The older-age market is growing by leaps and bounds as boomers become “gomers.” (“Gomer” is medical slang for “get out of my emergency room”–an expression reflecting the rising incidence of medical complaints by people over age 65.)
Medical screening for life insurance needs to keep pace here by adopting prudent changes to accommodate this insurance-conscious population.
The specialized paramedical, focused on frailty and cognitive issues, is one essential development as underwriting comes to see how these 2 medical factors help pinpoint the most vulnerable elders. Functional testing, along the lines used for years in long term care insurance, is now a major element when screening these over-age-65 applicants for life coverage.
BMI (body mass index) measurements in the “obesity” range (30-35+) are not reflective of the real mortality risk over age 65, especially in females.
Rather than take overly-conservative action on some of these cases, insurers are pressing their examiners to perform waist circumference measurements. This simple step is necessary because excess weight carried in the hips and thighs does not have the mortality implications associated with abdominal obesity.
Prostate-specific antigen (PSA) is the only FDA-approved screening tumor marker (and, one hastens to add, the only routine tumor-related test appropriate in underwriting).
PSA readings in the “gray zone,” between 4 and 10 nanograms, are prevalent in geriatric males. Proactive insurers use a supplement test, known as free-PSA, to pinpoint those individuals with modest PSA elevations who are at greater risk for harboring unsuspected prostate cancer.
Baseline blood screening is being adjusted to reflect the real risks in this age group. For example, a simple calculation known as the estimated glomerular filtration rate (eGFR) affords a valuable indicator of declining kidney function. Thresholds for “abnormal” serum creatinine–a routine test in all profiles–are being scaled back to reflect the fact that what are considered “high normal” readings at younger ages are associated with increased risk of mortality over age 65.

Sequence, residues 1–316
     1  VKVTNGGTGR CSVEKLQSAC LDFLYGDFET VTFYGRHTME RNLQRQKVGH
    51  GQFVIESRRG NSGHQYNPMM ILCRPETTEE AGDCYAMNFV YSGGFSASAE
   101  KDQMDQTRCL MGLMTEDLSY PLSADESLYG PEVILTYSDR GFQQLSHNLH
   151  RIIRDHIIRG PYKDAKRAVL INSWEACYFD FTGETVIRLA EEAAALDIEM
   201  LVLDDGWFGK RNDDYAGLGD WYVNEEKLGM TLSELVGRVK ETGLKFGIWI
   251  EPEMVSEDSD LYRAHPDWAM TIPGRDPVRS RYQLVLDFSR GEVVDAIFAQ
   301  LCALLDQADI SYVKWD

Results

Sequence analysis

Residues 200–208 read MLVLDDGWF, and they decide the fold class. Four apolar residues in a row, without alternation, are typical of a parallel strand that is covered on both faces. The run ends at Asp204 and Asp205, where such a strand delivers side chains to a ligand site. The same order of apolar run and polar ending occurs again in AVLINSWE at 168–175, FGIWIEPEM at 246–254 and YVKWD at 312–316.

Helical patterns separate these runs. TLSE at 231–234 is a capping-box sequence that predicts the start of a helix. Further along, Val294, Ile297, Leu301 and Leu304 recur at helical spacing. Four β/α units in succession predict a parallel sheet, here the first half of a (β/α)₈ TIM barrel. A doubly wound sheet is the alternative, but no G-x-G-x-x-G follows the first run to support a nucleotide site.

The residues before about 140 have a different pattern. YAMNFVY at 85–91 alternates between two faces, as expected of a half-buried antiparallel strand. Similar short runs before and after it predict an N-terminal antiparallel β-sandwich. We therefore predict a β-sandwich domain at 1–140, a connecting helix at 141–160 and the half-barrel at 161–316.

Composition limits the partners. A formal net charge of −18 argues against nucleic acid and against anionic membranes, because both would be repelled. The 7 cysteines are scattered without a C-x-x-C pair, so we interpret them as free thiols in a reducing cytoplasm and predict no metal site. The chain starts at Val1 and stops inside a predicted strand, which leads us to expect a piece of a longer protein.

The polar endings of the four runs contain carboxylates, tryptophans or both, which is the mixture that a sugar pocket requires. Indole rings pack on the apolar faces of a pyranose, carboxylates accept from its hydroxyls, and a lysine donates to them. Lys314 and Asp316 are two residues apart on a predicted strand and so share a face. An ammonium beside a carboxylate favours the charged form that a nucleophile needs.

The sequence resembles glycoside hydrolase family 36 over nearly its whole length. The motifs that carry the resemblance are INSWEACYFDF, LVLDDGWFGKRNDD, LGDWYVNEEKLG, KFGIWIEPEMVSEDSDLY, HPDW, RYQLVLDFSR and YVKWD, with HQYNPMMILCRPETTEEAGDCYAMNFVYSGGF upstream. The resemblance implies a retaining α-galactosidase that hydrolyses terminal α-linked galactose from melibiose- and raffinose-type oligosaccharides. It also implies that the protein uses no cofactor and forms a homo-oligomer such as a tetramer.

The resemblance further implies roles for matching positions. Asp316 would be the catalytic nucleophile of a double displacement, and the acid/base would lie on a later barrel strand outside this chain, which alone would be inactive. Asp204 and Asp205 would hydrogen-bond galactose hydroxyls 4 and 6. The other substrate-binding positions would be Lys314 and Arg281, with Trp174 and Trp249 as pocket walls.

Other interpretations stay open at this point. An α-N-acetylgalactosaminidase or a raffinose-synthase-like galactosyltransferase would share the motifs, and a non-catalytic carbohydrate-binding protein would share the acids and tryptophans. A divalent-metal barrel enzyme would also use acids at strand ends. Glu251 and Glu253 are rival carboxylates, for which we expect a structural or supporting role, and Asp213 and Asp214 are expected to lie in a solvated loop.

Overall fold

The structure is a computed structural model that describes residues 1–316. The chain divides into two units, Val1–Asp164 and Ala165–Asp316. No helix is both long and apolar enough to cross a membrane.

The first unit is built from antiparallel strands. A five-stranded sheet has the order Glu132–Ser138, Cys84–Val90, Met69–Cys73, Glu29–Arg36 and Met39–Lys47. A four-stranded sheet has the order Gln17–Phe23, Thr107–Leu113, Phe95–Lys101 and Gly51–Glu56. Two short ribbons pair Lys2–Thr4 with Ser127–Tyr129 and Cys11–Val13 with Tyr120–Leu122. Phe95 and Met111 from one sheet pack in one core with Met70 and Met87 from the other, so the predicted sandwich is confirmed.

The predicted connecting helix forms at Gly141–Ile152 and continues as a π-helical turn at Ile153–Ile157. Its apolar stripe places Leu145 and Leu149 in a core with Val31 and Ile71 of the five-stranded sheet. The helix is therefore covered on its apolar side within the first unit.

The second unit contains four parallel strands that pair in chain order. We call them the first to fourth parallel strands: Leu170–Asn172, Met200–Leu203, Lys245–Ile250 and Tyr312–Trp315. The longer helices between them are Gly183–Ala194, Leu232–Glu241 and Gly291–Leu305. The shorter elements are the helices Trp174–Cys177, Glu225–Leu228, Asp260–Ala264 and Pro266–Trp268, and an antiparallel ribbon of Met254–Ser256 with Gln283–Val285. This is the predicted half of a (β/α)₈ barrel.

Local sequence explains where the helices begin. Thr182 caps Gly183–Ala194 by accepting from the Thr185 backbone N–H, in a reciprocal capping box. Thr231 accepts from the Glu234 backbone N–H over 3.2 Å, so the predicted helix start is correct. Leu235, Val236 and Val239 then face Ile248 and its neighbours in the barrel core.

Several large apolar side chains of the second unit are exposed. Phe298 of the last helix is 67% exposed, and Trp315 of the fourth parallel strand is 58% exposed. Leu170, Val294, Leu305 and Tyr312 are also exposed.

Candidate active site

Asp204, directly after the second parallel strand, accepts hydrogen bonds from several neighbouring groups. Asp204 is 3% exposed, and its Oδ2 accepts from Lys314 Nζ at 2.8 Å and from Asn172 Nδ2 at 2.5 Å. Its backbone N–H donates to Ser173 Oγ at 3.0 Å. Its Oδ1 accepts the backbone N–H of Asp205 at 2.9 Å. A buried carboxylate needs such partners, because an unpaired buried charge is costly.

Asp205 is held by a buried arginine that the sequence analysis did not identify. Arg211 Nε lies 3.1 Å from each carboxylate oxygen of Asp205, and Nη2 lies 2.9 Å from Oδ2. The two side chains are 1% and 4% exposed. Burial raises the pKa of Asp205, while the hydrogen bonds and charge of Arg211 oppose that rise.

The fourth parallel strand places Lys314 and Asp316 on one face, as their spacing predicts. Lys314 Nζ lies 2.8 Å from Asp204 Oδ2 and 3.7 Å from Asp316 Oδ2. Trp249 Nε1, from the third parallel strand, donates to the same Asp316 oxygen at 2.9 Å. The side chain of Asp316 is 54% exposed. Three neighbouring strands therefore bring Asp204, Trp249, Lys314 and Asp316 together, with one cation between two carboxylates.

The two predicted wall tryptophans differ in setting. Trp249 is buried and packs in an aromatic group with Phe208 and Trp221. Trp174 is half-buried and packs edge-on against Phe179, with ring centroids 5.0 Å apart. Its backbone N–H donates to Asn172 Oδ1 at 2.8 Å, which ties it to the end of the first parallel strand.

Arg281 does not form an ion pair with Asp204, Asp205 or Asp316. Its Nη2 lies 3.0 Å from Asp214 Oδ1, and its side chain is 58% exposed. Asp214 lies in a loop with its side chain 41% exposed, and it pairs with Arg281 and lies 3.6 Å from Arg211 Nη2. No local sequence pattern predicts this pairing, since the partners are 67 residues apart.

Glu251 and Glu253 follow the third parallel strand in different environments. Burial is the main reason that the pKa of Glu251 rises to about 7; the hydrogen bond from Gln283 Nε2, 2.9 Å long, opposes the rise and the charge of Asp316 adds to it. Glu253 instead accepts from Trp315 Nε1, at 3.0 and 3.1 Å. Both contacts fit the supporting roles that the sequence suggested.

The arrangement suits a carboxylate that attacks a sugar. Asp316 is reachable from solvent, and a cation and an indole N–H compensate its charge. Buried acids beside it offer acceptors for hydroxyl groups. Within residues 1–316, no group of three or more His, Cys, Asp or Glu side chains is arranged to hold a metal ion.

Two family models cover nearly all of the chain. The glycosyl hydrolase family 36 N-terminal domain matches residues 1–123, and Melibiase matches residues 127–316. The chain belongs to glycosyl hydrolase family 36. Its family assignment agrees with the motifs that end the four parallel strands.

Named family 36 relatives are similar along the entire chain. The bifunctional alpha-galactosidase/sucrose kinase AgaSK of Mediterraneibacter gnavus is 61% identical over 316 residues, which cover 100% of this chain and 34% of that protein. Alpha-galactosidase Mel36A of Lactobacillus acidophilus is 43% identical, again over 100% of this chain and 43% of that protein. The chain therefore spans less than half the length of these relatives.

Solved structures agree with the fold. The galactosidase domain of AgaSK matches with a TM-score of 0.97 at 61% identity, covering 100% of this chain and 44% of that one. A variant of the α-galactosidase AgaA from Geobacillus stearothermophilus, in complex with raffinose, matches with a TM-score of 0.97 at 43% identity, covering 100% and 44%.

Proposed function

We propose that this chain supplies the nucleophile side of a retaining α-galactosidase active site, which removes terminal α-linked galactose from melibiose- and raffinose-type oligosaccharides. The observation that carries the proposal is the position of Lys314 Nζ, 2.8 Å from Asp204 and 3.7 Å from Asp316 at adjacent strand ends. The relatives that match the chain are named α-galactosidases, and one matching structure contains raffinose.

A new kidney marker, cystatin, has been clinically demonstrated to be superior to traditional insurance blood tests for kidney function. At least one insurance laboratory has hinted at offering cystatin as an enhancement in this key aspect of screening.
It is widely appreciated that at older ages, low serum cholesterol is powerfully linked to increased risk of mortality. A new way of testing for high cholesterol when it genuinely is a culprit will soon be available to insurers. Known as skin sterol, it measures actual cholesterol deposition with a pad placed briefly on the palm. Convincing research by cardiologists reveals that “skin cholesterol” (as it will undoubtedly come to be known) is a far better indicator of heart blockage than blood cholesterol.
The majority of those life insurers still retaining treadmill stress tests for screening require that this be done on applicants as old as age 75. Considering that 2 deaths have occurred in this insurance context in South Africa, it is time to revisit this high-risk practice. While this underwriter has not heard of any deaths–yet–in our market, the clock is ticking. This is just one reason why insurers should strive to scrap this slow, expensive, financial-services incongruent relic of the last century and replace its ostensible protective value with more prudent alternatives.
One such alternative, after a decade of careful clinical study, has unprecedented potential as a baseline screening test for the entire spectrum of age-related circulatory diseases.
This is NT-proBNP, a blood test. It is easily done in conjunction with blood profiles, and at 1/20th the cost of a treadmill. Because it reflects a far broader range of CV risks, NT-proBNP will undoubtedly be given priority consideration as a modern alternative to egregiously customer-unfriendly treadmills.
Hopefully, insurers will increase their embrace of these and other enhancements, as the industry strives to transform older-age underwriting into “part of the solution” where insuring older-age risks are concerned.